Thesis: EMG-assisted CMC Modeling for the Estimation of Muscle Forces and Knee Loading During Prolonged Running.
The goal of my research is to establish methodological procedures and software that address some of the fundamental limitations for computational biomechanical tools being widely adopted into clinical gait analysis in the USA and Australia. My PhD aims to establish methods to enhance reproducibility of joint torques and muscle forces produced by OpenSim and to improve the validity of muscle force estimates. This will be done through three studies;
1 - Improve the reliability of joint-torques and muscle force estimates through investigation of different techniques of subject-specific scaling.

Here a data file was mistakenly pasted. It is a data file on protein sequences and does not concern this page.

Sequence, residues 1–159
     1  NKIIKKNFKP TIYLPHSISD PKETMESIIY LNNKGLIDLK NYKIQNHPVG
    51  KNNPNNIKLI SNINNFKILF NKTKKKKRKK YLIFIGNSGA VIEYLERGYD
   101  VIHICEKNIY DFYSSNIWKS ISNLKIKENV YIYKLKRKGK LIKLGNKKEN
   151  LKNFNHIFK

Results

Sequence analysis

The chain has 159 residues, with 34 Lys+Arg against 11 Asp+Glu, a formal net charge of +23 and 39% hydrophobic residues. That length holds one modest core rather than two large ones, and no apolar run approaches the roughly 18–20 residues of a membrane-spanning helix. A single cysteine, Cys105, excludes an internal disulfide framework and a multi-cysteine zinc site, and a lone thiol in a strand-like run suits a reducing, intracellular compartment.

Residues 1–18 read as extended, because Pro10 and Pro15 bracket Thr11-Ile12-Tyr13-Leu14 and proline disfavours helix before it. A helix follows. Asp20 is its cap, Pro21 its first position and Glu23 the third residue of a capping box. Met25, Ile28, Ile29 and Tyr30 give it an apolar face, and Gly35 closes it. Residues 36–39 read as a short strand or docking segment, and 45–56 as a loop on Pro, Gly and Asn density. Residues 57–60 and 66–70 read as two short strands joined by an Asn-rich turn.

2 - Development of a EMG assisted computer muscle control (EMG-CMC) model that uses experimentally collected muscle activation (EMG) and marker motion data as simulation inputs.
3 - Implementation of EMG-CMC to investigate the effect of prolonged running on muscular force production and knee joint contact forces.
Why my research is important
My work will create methods and software for surgeons and researchers, who have little experience or knowledge with clinical analysis tools that give informative data on movement dynamics (muscle forces, joint loading), as well as improve the prediction of surgical outcomes in time and effort efficient manner. These three studies provide an important opportunity to develop a methodological framework and software which will increase the relevance of computational biomechanical modeling in the medical and health fields.